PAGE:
Oct 2, 2017
Report from Guadeloupe: Hurricane Maria was a Category 5 storm when it struck the islands of the Caribbean, as powerful as Hurricane Irma which preceded it. But unlike Irma which hammered Saint Martin and Saint Barts, Maria’s center just missed Guadeloupe and Martinique.
Many people lost power and water, large areas were flooded, and roofs were torn off. But while it was very dangerous, this hurricane inflicted less damage and fewer deaths on Guadeloupe and Martinique than Irma had on Saint Martin and Saint Barts. Its center passed 15 miles from Guadeloupe, between the island of Dominica and the Saintes, close to the island Marie-Galante. These small islands are part of Guadeloupe. The damage was worse on these small islands and on the south coast of Basse-Terre than elsewhere, with the waters of the Caribbean coming 600 feet up from the coast and causing some damage. But the damage still wasn’t comparable to what happened on the islands north of Guadeloupe, which Hurricane Irma completely destroyed.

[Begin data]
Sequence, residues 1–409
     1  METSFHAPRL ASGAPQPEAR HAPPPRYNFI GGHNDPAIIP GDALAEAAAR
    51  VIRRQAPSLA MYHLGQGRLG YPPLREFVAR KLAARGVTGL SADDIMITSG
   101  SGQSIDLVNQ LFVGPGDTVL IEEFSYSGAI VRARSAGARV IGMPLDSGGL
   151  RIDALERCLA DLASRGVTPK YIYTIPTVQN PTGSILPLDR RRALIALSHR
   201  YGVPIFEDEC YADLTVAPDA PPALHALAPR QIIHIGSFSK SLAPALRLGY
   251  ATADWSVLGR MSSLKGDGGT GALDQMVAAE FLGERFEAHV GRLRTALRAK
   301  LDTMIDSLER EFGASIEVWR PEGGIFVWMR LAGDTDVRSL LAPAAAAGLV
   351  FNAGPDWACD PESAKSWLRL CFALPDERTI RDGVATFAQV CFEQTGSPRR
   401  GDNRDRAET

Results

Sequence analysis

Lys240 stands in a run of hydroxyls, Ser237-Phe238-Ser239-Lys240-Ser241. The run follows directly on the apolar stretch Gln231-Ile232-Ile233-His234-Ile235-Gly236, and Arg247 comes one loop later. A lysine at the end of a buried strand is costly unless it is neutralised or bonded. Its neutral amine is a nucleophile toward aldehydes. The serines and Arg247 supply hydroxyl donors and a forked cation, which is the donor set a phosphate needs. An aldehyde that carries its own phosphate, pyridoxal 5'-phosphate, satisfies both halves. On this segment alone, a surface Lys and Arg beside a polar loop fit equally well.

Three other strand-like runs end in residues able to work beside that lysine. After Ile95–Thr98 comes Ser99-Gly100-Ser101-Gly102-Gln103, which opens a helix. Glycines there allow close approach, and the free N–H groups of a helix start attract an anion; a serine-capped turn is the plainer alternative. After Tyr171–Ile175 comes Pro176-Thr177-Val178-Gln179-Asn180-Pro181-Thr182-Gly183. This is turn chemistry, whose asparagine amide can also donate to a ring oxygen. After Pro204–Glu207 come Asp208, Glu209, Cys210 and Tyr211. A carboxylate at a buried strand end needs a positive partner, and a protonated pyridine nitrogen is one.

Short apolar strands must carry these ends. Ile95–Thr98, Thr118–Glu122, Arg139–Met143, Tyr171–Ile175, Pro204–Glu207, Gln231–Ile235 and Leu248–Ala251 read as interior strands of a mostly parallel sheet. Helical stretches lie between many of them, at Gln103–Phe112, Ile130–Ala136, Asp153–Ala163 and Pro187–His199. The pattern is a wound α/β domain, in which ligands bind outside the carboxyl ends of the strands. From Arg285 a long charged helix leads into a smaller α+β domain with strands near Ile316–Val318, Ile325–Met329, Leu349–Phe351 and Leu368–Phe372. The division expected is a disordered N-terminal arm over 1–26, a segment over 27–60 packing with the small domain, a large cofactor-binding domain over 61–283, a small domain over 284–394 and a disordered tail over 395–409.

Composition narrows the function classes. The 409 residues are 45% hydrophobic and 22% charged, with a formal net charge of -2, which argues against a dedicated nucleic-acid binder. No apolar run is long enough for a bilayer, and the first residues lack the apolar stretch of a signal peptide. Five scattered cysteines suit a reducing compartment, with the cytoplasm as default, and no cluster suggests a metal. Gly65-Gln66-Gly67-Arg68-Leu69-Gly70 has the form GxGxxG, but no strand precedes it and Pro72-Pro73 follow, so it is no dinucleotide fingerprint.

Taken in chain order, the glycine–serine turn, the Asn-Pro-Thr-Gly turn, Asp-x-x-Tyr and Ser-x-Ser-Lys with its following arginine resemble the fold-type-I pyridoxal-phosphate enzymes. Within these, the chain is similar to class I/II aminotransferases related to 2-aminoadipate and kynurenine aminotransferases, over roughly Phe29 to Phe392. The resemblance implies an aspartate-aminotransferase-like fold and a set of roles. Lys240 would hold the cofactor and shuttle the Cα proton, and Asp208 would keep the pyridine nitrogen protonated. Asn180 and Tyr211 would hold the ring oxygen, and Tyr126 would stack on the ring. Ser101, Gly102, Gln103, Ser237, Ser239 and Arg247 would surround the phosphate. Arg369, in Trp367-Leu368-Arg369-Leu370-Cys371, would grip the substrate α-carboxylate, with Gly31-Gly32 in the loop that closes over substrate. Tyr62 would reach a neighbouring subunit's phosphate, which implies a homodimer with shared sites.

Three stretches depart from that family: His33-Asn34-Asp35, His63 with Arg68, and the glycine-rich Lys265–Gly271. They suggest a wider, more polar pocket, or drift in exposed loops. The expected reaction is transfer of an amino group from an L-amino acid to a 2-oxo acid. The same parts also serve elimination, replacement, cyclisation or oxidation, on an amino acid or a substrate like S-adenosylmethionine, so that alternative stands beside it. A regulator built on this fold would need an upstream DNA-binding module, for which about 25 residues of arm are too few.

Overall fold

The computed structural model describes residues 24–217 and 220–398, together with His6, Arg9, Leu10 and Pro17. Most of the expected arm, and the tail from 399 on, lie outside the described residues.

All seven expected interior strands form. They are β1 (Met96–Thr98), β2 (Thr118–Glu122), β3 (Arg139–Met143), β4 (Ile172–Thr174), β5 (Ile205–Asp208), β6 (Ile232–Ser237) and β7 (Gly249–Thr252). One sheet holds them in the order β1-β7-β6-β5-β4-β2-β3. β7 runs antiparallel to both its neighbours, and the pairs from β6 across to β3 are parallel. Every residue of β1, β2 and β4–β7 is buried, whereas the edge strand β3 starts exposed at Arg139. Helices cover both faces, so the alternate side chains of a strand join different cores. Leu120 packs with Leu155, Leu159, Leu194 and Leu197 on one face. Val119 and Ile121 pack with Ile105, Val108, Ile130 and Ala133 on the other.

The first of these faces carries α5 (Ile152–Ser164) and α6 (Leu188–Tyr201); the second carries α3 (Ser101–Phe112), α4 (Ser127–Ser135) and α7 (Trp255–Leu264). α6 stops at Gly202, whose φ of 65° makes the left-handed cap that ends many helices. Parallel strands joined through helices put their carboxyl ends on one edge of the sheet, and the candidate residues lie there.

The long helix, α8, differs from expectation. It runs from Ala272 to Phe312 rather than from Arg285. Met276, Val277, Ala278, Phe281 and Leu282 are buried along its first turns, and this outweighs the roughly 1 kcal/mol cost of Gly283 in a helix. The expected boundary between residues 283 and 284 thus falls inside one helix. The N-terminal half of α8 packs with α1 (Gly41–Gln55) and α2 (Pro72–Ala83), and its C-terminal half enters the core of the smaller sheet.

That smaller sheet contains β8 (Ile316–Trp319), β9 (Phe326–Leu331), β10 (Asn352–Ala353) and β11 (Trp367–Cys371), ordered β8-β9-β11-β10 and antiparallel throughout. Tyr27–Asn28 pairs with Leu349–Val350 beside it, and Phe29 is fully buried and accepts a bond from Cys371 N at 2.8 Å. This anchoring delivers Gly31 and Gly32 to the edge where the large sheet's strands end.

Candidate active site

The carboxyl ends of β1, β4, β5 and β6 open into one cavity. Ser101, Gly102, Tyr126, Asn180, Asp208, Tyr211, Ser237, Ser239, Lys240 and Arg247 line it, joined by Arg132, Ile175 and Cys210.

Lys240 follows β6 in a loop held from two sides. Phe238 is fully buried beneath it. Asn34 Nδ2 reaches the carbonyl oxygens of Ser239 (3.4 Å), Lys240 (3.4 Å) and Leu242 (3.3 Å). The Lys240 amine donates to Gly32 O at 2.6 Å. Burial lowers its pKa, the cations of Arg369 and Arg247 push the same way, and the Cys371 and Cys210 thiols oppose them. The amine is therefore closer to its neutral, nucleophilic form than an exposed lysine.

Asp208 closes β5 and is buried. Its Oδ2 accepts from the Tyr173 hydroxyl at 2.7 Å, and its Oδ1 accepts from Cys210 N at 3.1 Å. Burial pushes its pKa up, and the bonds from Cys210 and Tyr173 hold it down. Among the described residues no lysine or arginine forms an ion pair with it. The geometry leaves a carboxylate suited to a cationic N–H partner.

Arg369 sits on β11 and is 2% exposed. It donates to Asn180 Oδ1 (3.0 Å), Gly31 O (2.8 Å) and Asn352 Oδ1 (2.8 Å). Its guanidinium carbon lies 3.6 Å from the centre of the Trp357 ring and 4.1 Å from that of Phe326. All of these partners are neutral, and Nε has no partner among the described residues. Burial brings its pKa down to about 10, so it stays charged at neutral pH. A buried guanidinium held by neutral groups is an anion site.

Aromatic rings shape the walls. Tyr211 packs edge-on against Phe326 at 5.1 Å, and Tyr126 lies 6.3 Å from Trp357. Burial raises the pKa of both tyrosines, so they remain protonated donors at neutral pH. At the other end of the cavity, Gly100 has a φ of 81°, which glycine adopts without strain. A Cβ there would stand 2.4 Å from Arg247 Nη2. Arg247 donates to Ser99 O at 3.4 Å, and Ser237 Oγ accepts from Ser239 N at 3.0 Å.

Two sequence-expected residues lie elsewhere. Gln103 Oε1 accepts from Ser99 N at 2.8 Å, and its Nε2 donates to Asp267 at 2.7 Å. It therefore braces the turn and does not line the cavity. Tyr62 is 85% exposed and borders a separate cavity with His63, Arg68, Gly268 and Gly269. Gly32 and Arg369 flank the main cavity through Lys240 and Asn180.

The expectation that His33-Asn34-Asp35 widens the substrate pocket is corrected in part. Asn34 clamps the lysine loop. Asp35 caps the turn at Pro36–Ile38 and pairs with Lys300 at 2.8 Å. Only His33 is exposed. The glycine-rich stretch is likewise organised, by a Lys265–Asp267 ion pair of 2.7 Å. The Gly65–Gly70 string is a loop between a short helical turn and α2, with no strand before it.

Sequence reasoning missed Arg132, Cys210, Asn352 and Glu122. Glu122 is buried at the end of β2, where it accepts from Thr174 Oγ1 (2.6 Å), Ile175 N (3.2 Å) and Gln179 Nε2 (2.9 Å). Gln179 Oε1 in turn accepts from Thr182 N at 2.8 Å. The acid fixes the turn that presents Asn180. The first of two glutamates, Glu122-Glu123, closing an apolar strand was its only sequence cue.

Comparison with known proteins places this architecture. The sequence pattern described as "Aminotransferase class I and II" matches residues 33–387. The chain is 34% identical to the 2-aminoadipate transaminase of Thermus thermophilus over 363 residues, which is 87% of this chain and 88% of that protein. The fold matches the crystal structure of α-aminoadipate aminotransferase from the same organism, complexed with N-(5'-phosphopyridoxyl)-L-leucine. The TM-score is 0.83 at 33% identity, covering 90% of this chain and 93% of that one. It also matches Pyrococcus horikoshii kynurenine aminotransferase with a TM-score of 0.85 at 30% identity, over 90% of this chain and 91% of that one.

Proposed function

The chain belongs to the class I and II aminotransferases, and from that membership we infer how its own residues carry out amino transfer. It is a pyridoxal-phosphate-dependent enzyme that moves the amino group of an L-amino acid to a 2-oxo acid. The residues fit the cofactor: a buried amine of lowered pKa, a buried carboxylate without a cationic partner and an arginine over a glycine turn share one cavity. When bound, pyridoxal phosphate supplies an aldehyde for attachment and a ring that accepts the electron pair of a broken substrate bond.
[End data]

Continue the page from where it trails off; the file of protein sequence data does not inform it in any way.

That cannot be said for the island of Dominica. During the night of 18th and 19th of September, the center of Maria passed right over this island. The damage was comparable to that inflicted on Saint Martin fifteen days earlier. Hundreds of roofs were torn off. The rain caused landslides which killed many people.
The Caribbean remains divided into French, British, Dutch, and Spanish colonies with some small independent countries. Whether independent or colonies, these islands have been beset by poverty resulting from the impact of slavery and direct colonization for almost three centuries.
In most of these countries, poverty wreaks permanent destruction. Hurricanes aggravate the situation in direct proportion to this poverty.